From humble beginnings to largest in statePublished 8:03pm Sunday, July 25, 2010
By SCOTT NOVAK
From its humble beginnings in the basement of a student at Emmanuel Missionary College in 1919 to its being Michigan’s largest natural food store today, Apple Valley Market has come a long way.
Originally the College Supply Store provided groceries and vegetarian meat products to the students, staff and faculty at Emmanuel Missionary College (now Andrews University).
The store found its niche and was a success, prompting a move into a larger facility on campus in the late 1940s.
In 1975, the name changed to Apple Valley and it moved into its current location in a 50,000-square-foot building alongside U.S. 31.
Apple Valley expanded again in the late 1980s, not at it current site, but by adding stores in Michigan and Illinois.
Currently there are six satellite stores, including one in Mishawaka, Ind.
In 1998, Andrews University sold Apple Valley to private Seventh-day Adventist ownership.
General Manager George Schmidt said that the stores are unique and that they continually work at providing what the customer wants.
“We try to fulfill the needs of all our customers,” he said. “There is a trend toward eating more healthy today. Customers are reading the labels more carefully and they have a better understanding of the foods they are consuming.”
Keeping in front of the other stores takes some work.
“We do have to continue to strive to be unique because a lot of the items we have are being introduced at local stores,” Schmidt pointed out. “We have to make a real conscious effort as to what consumers are looking for. Today, more than ever, wheat free and gluten free are right at the top of the list of new items which are sought after and also the variety the customers are looking for.”
Apple Valley has just about everything area shoppers would want in a store.
It has a large selection of vegetarian foods, vitamins and natural foods. It also carries over 600 bulk food items, fresh produce and bakery products.
There is also a deli, which serves up homemade vegetarian meals every day.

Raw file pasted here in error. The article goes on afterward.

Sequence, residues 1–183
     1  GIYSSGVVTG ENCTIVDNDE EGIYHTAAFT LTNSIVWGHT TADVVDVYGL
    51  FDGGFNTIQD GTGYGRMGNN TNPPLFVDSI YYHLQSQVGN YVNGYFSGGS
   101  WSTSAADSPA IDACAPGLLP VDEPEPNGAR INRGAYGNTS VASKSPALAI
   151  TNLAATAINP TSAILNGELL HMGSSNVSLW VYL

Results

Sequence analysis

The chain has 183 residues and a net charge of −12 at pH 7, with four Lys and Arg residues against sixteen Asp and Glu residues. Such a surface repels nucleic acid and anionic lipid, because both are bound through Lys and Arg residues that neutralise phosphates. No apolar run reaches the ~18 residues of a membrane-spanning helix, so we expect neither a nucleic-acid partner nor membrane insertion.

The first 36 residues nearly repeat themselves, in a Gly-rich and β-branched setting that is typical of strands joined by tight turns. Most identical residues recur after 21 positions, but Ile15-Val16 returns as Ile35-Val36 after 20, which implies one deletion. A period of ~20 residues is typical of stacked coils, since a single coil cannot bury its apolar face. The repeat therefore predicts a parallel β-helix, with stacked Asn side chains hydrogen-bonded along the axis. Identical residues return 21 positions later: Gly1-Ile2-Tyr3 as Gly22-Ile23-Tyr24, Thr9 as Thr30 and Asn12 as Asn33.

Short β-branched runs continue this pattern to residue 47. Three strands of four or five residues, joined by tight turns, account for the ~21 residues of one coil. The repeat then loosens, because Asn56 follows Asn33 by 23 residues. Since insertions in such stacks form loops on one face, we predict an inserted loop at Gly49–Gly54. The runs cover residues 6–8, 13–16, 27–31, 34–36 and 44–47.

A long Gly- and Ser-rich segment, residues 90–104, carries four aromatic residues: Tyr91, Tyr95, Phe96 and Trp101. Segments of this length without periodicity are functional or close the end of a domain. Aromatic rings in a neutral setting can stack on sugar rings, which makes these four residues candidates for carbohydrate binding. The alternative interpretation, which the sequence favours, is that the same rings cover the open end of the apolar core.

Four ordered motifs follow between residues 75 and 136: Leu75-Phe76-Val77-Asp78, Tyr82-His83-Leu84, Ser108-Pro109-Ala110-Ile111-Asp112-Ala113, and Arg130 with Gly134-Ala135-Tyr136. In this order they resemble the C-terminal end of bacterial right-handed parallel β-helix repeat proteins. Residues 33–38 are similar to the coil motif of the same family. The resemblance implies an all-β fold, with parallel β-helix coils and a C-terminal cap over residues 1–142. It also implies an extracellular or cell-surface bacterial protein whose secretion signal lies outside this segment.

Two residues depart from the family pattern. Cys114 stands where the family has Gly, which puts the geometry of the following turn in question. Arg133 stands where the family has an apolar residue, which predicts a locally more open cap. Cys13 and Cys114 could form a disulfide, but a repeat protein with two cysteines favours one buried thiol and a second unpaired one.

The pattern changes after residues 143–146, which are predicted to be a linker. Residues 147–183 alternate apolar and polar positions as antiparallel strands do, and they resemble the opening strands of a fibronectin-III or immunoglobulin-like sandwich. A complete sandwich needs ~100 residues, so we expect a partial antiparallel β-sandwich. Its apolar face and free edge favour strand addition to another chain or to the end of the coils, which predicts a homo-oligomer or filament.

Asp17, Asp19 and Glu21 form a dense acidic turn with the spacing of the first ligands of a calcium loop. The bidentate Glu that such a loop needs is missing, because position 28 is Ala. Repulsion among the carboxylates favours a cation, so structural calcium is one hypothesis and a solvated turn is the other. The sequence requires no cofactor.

There is the area’s only Gold Crown Hallmark store and Victoria’s Flowers.
While most stores carry just Morningstar vegetarian meat products, Apple Valley has a number of varieties and goes through a semi-full of vegetarian meats from Worthington, which is owned by Kellogg, every three weeks.
All of the products found in the Berrien Springs store can also be found at the satellite stores.
Because Apple Valley is able to buy its products in such a great quantity, it is able to help keep costs down, which is also important to its customers.
Schmidt noted that along with vegetarian products, Apple Valley’s produce section is also well-known.
“We typically have a larger selection of produce than most stores,” he said. “We try to be very competitive in the market area. We promote a lot of local farmers. We carry a large variety of organic items, which are very popular.”
Another one of the store’s favorite areas for consumers is the bulk foods.
Schmidt said that the store buys the products in 10- to 50-pound master cases and then packages them for sale.
“It does show quite a savings doing it that way,” Schmidt said. “In varieties, we carry about 365 different items in our bulk department. If you really do a comparison to national brands, there is really quite a savings within the bulk.”
Schmidt added that the uniqueness of the items in the bulk section are not usually found in a conventional grocery store.
Besides the seven stores, customers can also have items mailed to them if they live within the United States.
Those products can be ordered online at www.avnf.com.
The Berrien Springs store is open Sunday, 8 a.m. until 11 p.m.; Monday through Thursday, 7 a.m. until 11 p.m.; and Fridays, 7 a.m. until 6 p.m.
Apple Valley Market is closed on Saturday.